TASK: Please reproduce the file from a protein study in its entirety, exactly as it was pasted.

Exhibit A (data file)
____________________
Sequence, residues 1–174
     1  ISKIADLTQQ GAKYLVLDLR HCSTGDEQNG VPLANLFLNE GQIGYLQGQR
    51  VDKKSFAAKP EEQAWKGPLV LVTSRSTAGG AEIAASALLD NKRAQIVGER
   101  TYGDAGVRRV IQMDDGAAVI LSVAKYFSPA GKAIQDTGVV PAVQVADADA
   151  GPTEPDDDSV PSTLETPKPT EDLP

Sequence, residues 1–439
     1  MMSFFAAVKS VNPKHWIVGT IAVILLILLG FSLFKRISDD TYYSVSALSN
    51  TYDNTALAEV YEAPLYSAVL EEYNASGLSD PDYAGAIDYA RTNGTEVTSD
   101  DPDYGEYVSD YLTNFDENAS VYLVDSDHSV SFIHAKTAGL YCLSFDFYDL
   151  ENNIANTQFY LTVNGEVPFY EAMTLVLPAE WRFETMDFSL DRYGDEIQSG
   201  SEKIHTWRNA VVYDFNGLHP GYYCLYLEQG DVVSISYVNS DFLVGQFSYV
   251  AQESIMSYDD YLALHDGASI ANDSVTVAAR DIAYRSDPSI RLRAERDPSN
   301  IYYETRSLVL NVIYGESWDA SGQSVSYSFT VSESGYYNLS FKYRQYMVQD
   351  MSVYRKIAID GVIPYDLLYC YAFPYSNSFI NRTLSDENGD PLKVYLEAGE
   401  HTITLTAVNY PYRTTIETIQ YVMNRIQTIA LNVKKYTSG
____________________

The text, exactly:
Sequence, residues 1–174
     1  ISKIADLTQQ GAKYLVLDLR HCSTGDEQNG VPLANLFLNE GQIGYLQGQR
    51  VDKKSFAAKP EEQAWKGPLV LVTSRSTAGG AEIAASALLD NKRAQIVGER
   101  TYGDAGVRRV IQMDDGAAVI LSVAKYFSPA GKAIQDTGVV PAVQVADADA
   151  GPTEPDDDSV PSTLETPKPT EDLP

Sequence, residues 1–439
     1  MMSFFAAVKS VNPKHWIVGT IAVILLILLG FSLFKRISDD TYYSVSALSN
    51  TYDNTALAEV YEAPLYSAVL EEYNASGLSD PDYAGAIDYA RTNGTEVTSD
   101  DPDYGEYVSD YLTNFDENAS VYLVDSDHSV SFIHAKTAGL YCLSFDFYDL
   151  ENNIANTQFY LTVNGEVPFY EAMTLVLPAE WRFETMDFSL DRYGDEIQSG
   201  SEKIHTWRNA VVYDFNGLHP GYYCLYLEQG DVVSISYVNS DFLVGQFSYV
   251  AQESIMSYDD YLALHDGASI ANDSVTVAAR DIAYRSDPSI RLRAERDPSN
   301  IYYETRSLVL NVIYGESWDA SGQSVSYSFT VSESGYYNLS FKYRQYMVQD
   351  MSVYRKIAID GVIPYDLLYC YAFPYSNSFI NRTLSDENGD PLKVYLEAGE
   401  HTITLTAVNY PYRTTIETIQ YVMNRIQTIA LNVKKYTSG